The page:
We live in an unfortunate reality where many leaders have dismissed their responsibility for the future and lost their appetite to think big. These heroes without vision are busy analyzing and planning, while others are building for immortality. Powered by siloed vision- they are fragmenting our reality and creating a new circle of ideological wars.

In the current claimant of blind leadership, we have to distance ourselves from the contradictions that the political situation is placing in front of us and look at change as an opportunity to use our collective mind.

Not to continue on the same path of “things we know that we know” but disconnect from the laziness and fear and build an infrastructure for new business models, new definitions of innovation and most importantly create a mindset, that will encourage the next change.

We need to believe that the best solutions to a problem are not hitting it with everything we have, but by viewing it from all possible angles. If something does not work for its intended purpose, it might work for something completely different — that is the meaning of change.


Can we rethink the narrative of a city?

Short interview before keynote about the future of cities.

1. How do you see smart cities in 2030?

Since I was a kid, every story about the future included flying cars, robots, automation and incredible landscapes. There was also the more apocalyptic, dystopian, Nineteen Eighty-Four type of future possibilities. In both cases, it was a future where beautiful technologies dominated and stood at the center of society. Here we are today, realizing that it is not so simple to predict the future. Yes, we have the technologies to build that dream (for good or bad), yet the biggest challenge is not technology for technology but our imagination or the lack of it, our ability to understand the new narratives and rethink our infrastructure to be able to carry society into the future.

Cities are the cradle of civilization yet for the past (more than few) years we let nations dictated the decision-making process of the urban “want’ and “needs.” 30 years from now most of the world population will live in urban areas, and we have but a small window of opportunities to stop and rethink the stories of the future, to redesign technologies to be invisible and transparent, to build new digital infrastructure and interaction interfaces.

I do not see smart cities in the future; I see learning cities, rejuvenation cities. Cities that act as an inorganic extension of the organic society that defines its existence. I see cities that govern by new economic models and further decision-making processes, ones that are anchored in code rather 18th-century laws. I see cities that hide technology and uses it to augment the city intelligence rather than outsource it. I see virtual landscapes that enable new productivity models, new materials that will allow a self-sustained utilization of energy and value generated from below zero environmental impact. I see a city that knows that the most significant assets we have as humans are our creativity and curiosity and a such knows how to harness these qualities to feed its potentials.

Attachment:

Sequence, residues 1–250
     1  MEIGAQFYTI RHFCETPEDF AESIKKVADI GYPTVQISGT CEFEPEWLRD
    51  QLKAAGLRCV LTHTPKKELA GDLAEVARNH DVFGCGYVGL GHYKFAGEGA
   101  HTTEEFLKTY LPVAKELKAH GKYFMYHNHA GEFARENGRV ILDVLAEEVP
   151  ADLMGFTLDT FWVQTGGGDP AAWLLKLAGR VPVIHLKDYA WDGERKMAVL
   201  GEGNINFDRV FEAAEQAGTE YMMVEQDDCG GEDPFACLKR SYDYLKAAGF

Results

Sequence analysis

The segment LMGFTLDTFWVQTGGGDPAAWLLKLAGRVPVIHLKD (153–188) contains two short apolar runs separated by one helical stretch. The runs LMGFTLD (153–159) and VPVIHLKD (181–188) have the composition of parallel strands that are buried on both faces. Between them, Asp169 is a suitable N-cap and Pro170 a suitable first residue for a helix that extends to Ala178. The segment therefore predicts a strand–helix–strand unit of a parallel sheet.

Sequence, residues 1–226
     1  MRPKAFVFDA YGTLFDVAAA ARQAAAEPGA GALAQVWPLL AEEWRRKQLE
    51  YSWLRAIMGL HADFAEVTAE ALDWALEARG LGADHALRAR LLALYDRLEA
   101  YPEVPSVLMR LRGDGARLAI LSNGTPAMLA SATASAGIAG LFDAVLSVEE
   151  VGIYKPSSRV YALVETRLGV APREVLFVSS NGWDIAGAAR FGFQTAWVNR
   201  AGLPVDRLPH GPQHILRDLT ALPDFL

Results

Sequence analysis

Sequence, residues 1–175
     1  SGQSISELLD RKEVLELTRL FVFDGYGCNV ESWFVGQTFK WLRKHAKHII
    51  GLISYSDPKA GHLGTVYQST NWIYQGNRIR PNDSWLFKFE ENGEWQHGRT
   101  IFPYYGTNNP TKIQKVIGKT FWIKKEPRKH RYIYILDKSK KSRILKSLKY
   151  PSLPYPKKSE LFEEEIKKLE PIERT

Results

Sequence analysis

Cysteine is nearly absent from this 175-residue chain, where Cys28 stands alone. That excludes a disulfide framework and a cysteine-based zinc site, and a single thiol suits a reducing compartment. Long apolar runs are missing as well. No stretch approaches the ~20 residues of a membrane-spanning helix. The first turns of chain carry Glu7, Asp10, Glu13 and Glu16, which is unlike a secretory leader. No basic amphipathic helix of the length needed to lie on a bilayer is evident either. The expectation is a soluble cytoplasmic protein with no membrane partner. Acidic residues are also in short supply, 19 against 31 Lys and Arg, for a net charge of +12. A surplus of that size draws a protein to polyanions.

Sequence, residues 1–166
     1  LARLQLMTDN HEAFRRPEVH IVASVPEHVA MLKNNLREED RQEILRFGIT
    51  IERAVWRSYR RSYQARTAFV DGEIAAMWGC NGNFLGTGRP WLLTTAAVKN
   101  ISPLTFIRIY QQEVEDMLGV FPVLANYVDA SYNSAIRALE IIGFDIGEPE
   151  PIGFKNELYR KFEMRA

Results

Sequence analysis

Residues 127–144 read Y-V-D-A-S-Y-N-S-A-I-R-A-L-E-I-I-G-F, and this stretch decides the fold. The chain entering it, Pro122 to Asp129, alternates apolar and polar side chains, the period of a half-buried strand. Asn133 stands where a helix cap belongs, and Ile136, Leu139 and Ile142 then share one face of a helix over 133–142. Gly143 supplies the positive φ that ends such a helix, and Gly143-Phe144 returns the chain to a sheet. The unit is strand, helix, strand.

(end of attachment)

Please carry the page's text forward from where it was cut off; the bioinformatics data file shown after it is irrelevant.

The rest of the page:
2. Can you give us an example where technology made a huge positive impact on the functionality of cities?

The steam engine

3. In which field we can make the most significant progress in your opinion? Is that traffic, science, technology in service of people or something else?

There is a difference between what we can do and what we should do. We should rethink our infrastructure. We should rethink the narratives of ethics, morality, and trust; so they can transcend the physical into the digital. We should rebuild our education systems. To do all of that, to step into the unknown, we have technology and science.

Autonomous Mobility Ecology

Retake on old thoughts.

Today 3.7 billion people live in urban areas and that number will double by 2050, but cities and industrial companies (such as the automotive players) still operate under the 17th to 18th-century mindset. Most of our eco-social constructs have expired and our urban, medical, educational, transportation systems serve the limited information input/output model of yesteryear’s society.

To be able to survive tomorrow, we have to step back and take a holistic approach. It is essential to recognize that this gap is not due to a lack of technology. Like in several other industries, technology has progressed leaps and bounds in the automotive domain as well. However, the supporting ecosystem has been lackadaisical at best. While electric vehicles are ready to go, charging infrastructure is lacking; in spite of 5G is at our doorstep, seamless connectivity is lacking. A zero-emission electric vehicle running in semi-autonomous mode on the current outdated infrastructure will not deliver wholesome value to the consumer.

The glory numbers that the automotive industry enjoyed over the last century are steadily evaporating. We need to understand that a terminology change from transportation to mobility cannot be a mere cosmetic exercise; rather the need of the hour is to get a 360-degree perspective where we can visualize mobility at the intersection of transport, energy, and communication.

There are several discussions in the automotive industry (and a lot of misunderstanding) regarding the definition of an autonomous vehicle. A car, unlike other consumer devices, has multiple channels through which experience can be delivered. Unfortunately today it’s a rather passive environment. The emotional attachment to the car is more consumer-driven than product driven. Imagining ‘autonomous drive’ as ‘yet another car accessory’ will not address the philosophical complexities that can potentially make autonomous vehicles as a key component of the first general intelligent ecosystem.